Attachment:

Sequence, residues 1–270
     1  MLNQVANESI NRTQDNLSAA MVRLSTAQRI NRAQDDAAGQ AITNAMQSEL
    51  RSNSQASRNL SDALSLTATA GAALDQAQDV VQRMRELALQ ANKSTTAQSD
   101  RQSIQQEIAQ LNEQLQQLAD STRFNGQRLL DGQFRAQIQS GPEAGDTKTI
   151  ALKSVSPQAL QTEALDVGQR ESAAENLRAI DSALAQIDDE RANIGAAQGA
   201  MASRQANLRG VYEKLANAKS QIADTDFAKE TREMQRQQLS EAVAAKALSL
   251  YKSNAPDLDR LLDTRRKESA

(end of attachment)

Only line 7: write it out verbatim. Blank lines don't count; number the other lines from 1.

   251  YKSNAPDLDR LLDTRRKESA